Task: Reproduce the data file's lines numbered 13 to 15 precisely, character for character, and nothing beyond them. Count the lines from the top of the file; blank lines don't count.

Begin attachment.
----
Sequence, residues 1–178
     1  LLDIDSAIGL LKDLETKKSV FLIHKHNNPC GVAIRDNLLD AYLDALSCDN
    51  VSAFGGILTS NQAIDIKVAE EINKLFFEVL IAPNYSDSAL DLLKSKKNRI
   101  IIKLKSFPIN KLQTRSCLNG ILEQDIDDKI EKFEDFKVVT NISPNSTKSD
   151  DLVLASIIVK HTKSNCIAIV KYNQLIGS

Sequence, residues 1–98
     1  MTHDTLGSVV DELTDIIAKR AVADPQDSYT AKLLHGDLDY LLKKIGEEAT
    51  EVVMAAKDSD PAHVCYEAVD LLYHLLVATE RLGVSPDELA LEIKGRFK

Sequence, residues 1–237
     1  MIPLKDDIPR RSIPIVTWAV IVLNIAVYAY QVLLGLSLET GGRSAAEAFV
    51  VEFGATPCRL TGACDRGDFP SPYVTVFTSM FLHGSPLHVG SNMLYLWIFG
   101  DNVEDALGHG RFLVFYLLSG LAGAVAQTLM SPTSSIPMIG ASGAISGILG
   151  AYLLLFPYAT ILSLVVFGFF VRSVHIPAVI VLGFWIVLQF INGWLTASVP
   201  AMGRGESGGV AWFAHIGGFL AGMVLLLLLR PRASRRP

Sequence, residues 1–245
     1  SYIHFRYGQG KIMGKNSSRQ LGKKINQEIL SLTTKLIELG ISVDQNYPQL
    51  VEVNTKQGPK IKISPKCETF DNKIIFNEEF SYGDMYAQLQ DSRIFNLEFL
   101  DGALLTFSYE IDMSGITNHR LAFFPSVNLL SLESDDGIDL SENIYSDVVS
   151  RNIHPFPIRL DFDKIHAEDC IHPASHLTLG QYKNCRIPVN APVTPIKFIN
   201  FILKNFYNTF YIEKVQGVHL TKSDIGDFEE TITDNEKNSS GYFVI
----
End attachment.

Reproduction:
   151  AYLLLFPYAT ILSLVVFGFF VRSVHIPAVI VLGFWIVLQF INGWLTASVP
   201  AMGRGESGGV AWFAHIGGFL AGMVLLLLLR PRASRRP

Sequence, residues 1–245